A visit to the slums in the periphery of the EWS quarters exposes the plight of the helpless people who seem to have lost everything. Families of five to six are seen living in makeshift homes that merely fits two persons. The area stinks of filth as there’s neither proper sanitation nor toilet facility. And then many say that they have been hungry for days at a stretch because they haven’t been able to get back to their regular jobs – mostly menial jobs that of domestic help, and labouring -as some have sustained severe injuries since the aftermaths of demolitions which they claim have been inflicted upon them by police and government officials while others are too scared to venture out in fear of losing their temporary homes.

 

“Our houses were demolished when we were at the Adugodi police station. We were taken there so that we didn’t see our houses getting bulldozed,” said Shabina Taj, who’s been living at the EWS for the past 25 years.

 

Showing her plastered right foot, Shabina wonders why she and others were thrown out their homes despite having proper documents for their houses and later manhandled by police and officials.

“I was even arrested while protesting when I asked them to give me two months time to evict my house so that my children can finish their academic year in peace. Now I don’t have any house, and I have sent my children away, and I can’t even go to work because of my injured foot,” she woes.

Meanwhile, several former residents of EWS told this correspondent that volunteers, from the civil society, who were trying to provide them with food and water, were often threatened by officials while carrying out their relief work. TOI couldn’t independently verify this report. But, this hasn’t changed their mind to move out from the area.

 

“I have been living here for 22 years now, and I can’t be forced to leave as I have the proper documents verifying my claim to my house,” said Vijayalakshmi, a domestic help, who had earlier threatened the authorities that she would immolate herself in an act of protest.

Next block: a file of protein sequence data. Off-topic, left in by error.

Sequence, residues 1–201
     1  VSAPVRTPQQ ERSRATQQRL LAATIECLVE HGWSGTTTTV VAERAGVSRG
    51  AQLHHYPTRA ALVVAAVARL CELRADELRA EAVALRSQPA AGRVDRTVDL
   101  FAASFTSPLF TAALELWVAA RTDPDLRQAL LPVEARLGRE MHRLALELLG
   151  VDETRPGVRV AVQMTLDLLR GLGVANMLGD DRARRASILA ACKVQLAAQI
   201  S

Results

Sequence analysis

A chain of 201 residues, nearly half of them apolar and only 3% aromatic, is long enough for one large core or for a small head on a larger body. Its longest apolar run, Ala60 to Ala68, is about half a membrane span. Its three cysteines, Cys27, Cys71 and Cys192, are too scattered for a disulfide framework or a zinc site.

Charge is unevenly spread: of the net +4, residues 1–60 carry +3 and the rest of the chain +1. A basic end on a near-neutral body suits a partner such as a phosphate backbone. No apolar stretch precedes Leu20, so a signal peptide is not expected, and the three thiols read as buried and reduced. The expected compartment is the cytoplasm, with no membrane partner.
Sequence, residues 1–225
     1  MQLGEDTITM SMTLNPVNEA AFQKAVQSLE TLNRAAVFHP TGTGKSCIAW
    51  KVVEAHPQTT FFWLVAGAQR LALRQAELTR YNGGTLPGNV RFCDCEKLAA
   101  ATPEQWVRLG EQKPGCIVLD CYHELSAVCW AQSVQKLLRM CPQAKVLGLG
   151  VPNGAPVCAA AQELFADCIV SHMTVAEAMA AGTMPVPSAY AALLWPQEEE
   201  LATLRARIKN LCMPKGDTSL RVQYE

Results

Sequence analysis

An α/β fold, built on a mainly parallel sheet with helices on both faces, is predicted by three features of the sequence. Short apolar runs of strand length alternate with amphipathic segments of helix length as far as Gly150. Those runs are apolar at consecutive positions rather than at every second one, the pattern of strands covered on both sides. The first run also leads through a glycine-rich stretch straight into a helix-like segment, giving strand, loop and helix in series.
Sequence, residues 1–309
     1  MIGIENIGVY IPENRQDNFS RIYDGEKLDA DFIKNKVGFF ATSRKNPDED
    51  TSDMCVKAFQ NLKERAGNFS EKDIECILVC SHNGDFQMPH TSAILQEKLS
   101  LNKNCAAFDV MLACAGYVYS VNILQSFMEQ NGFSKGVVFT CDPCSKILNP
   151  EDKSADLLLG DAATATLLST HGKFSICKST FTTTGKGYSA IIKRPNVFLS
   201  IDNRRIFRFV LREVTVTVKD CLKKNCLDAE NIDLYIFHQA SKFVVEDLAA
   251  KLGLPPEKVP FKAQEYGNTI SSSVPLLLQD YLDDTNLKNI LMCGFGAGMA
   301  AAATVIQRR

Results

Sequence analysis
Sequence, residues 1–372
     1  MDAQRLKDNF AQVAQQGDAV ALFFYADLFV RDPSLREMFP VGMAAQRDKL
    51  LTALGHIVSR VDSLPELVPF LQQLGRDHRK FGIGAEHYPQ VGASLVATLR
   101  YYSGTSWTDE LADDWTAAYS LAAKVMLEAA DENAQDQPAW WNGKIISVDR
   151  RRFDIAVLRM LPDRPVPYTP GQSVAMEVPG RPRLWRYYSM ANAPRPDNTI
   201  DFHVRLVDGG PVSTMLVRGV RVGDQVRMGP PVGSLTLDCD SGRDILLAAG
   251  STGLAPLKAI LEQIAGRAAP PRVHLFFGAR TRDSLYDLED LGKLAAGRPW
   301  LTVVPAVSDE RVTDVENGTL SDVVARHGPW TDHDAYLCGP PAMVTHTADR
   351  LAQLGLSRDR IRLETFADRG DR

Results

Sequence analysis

Showing her injuries, which she claimed to have got from the police, the lady added,

 

“I have been promised a house by BBMP but I am yet to hear from them. I will not leave this place as long as justice is delivered to me.”

 

Among the evicted many have found refuge in the most unlikely of places like temples and bus stops, but they haven’t given up their dreams of getting their homes back yet.

 

“I am all alone since my daughter and son have married and moved away. My husband is suffering from a mental illness for the last 40 years,” said 75-year-old Shanti.

 

“All I want is a house where I can die peacefully,” she added.

 

Medha Patkar visit EWS

Social activist Medha Patkar, who visited the Ejipura EWS quarters on Thursday, said that the issue will be taken up to a higher level with the help of senior lawyers like Sanjay Parikh and Prashant Bhushan. The Narmada Bachao Andolan veteran, who was supposed to arrive at the location at about 1.15 pm, finally made her way at about 2.40 pm, and interacted with residents and the deprived lot of the area.

 

“What has happened here is clearly an example of land grabbing by the Maverick Holdings and Investments Private Limited. The demolished site sprawling across 15 acres of the land is worth about Rs 3,500 crore. It is indeed a robbery of Rs 3500 crore from state exchequer. What the state government has done is completely against the constitution and the judiciary has been misbriefed about the land dispute case,” she said.